Ms. Hatcher argues that although the risk to her health posed by COVID-19 may have diminished since the time of her vaccination, the conditions of her imprisonment over the last 13 months constitute "extraordinary and compelling reasons" justifying compassionate release. (See Dkt. #331). The Government argues that harsh conditions of incarceration occasioned by the COVID-19 pandemic are insufficient to justify compassionate release. (Dkt. #332). The Court has previously found that harsh conditions of imprisonment occasioned by the COVID-19 pandemic are not, without more, sufficiently "extraordinary and compelling" to warrant compassionate release. See United States v. Padilla, No. 18 Cr. 454-6 (KPF), 2020 WL 3958790, at *1 (S.D.N.Y. July 13, 2020) (denying motion for compassionate release while recognizing that petitioner had "identified sub-optimal conditions of confinement at FCI Elkton during the pandemic"). However, that decision was issued in the fourth, rather than the thirteenth, month of the COVID-19 pandemic. Moreover, it is also true that courts reviewing motions for sentence modifications have considered the extent to which onerous lockdowns and restrictions imposed by correctional facilities attempting to control the spread of the virus have made sentences "harsher and more punitive than would otherwise have been the case." United States v. Rodriguez, No. 00 Cr. 761-2 (JSR), 2020 WL 5810161, at *3 (S.D.N.Y. Sept. 30, 2020); see also United States v. Mcrae, No. 17 Cr. 643 (PAE), 2021 WL 142277, at *5 (S.D.N.Y. Jan. 15, 2021) ("[A] day spent in prison under extreme lockdown and in fear of contracting a deadly virus exacts a price on a prisoner beyond that imposed by an ordinary day in prison. While not intended as punishment, incarceration in such conditions is, unavoidably, more punishing."); United States v. Ciprian, No. 11 Cr. 1032-74 (PAE), 2021 U.S. Dist. LEXIS 18698, at *8 (S.D.N.Y. Feb. 1, 2021) (same).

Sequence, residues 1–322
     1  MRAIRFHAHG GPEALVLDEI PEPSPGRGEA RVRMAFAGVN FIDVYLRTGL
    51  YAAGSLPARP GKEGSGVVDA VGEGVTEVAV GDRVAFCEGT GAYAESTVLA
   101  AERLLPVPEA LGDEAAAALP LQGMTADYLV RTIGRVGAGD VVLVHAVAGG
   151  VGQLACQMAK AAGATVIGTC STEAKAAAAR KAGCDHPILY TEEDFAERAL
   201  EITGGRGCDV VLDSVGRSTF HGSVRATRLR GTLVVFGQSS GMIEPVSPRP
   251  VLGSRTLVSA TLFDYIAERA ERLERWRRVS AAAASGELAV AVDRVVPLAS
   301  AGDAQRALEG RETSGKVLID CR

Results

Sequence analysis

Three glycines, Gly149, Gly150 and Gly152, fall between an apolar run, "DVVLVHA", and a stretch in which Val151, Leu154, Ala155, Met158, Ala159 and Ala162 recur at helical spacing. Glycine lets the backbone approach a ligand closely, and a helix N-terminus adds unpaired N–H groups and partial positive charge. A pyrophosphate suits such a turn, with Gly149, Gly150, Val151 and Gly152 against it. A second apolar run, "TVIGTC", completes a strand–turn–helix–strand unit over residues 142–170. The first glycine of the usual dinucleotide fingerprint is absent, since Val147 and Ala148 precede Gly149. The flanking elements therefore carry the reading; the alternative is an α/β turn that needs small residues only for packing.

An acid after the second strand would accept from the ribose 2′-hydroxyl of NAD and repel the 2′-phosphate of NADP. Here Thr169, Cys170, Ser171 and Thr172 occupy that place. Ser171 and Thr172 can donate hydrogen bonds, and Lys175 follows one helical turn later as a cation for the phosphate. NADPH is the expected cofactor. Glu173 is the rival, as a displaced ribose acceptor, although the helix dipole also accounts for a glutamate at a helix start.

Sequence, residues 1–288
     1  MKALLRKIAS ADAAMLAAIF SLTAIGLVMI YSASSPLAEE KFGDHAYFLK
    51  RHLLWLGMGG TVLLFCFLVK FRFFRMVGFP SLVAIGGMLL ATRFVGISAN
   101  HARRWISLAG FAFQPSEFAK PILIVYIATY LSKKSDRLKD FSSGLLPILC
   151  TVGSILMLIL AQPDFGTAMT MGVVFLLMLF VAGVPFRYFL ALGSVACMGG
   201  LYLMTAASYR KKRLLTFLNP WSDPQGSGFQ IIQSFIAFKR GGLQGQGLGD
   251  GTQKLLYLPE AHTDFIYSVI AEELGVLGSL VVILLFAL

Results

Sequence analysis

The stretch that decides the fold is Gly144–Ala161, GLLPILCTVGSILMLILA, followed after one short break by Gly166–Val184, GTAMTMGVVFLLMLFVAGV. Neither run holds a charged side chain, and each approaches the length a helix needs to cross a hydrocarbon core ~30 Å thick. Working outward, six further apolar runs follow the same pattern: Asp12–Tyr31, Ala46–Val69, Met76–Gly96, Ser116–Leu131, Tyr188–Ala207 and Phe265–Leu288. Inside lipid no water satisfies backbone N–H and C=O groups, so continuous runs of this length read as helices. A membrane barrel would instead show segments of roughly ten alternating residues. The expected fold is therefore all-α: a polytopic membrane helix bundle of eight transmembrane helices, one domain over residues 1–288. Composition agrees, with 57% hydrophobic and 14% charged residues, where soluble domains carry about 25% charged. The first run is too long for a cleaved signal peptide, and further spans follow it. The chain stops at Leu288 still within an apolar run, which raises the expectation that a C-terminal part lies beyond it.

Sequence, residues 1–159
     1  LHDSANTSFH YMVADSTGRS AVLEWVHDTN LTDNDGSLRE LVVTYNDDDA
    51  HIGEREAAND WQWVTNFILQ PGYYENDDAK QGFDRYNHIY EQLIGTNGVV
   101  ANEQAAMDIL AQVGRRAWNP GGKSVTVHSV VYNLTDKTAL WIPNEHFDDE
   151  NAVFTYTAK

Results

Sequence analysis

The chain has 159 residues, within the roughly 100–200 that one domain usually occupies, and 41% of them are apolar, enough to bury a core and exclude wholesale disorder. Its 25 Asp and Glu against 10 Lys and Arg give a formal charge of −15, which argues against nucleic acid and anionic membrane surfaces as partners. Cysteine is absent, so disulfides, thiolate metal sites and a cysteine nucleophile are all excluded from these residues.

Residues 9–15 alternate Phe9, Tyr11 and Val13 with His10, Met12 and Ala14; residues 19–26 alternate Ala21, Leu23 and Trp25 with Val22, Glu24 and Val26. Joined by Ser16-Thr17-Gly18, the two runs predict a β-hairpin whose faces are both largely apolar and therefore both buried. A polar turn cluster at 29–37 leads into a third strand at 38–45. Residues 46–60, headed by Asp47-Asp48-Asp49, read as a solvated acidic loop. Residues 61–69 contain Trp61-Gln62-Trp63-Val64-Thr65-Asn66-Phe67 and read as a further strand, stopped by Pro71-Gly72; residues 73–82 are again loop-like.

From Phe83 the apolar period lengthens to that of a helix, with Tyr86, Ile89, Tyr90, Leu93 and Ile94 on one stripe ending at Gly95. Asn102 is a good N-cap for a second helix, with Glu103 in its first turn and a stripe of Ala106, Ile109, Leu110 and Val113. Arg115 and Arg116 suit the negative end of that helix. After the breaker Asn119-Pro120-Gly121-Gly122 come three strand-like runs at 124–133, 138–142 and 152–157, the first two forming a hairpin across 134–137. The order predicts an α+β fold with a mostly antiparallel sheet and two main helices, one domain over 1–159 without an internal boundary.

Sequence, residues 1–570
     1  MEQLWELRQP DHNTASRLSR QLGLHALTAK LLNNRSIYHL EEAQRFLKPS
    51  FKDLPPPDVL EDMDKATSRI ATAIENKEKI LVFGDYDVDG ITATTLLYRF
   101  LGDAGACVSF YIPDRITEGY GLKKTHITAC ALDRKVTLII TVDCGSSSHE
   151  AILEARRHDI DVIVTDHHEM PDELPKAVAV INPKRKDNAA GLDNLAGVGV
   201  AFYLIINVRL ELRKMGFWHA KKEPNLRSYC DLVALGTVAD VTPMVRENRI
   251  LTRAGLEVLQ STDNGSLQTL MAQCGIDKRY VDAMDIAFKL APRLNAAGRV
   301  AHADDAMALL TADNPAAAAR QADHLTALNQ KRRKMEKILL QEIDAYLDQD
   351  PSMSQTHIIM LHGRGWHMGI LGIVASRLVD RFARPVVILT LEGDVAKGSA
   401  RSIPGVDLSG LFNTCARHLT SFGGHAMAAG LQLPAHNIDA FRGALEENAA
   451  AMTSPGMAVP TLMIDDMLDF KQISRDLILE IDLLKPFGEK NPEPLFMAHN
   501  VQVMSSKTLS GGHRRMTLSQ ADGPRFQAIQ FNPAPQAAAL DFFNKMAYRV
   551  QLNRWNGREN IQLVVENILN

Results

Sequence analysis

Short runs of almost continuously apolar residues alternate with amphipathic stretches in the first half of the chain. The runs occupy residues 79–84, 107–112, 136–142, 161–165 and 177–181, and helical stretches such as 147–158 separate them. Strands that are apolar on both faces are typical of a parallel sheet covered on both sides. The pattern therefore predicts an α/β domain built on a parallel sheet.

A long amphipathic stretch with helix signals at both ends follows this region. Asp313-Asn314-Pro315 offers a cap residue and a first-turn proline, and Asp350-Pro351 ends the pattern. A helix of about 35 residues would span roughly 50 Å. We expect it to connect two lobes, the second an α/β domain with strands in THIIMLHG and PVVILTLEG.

Here, Ms. Hatcher argues that a confluence of circumstances unique to her case — and beyond just the harsh conditions of incarceration occasioned by the pandemic — constitute "extraordinary and compelling reasons" to justify compassionate release. Specifically, she argues that the harsh period of confinement precluded her from accessing important programs that would have provided her with critical mental health and rehabilitative services. (Dkt. #331). Additionally, Ms. Hatcher argues that this period of incarceration was more severe because she experienced "substantial fear and anxiety" of death or severe illness due to the confluence of her serious co-morbidities and COVID-19. (Id.). She also points to her viable reentry plan, her good behavior during her term of incarceration, and the fact that she has now served over half of her term of incarceration. (See Dkt. #250, 258, 303, 328, 331). The Court agrees that additional factors, in conjunction with the harsh conditions of confinement that Ms. Hatcher has experienced for the past 13 months, distinguish this petition for compassionate release and justify granting Ms. Hatcher's motion.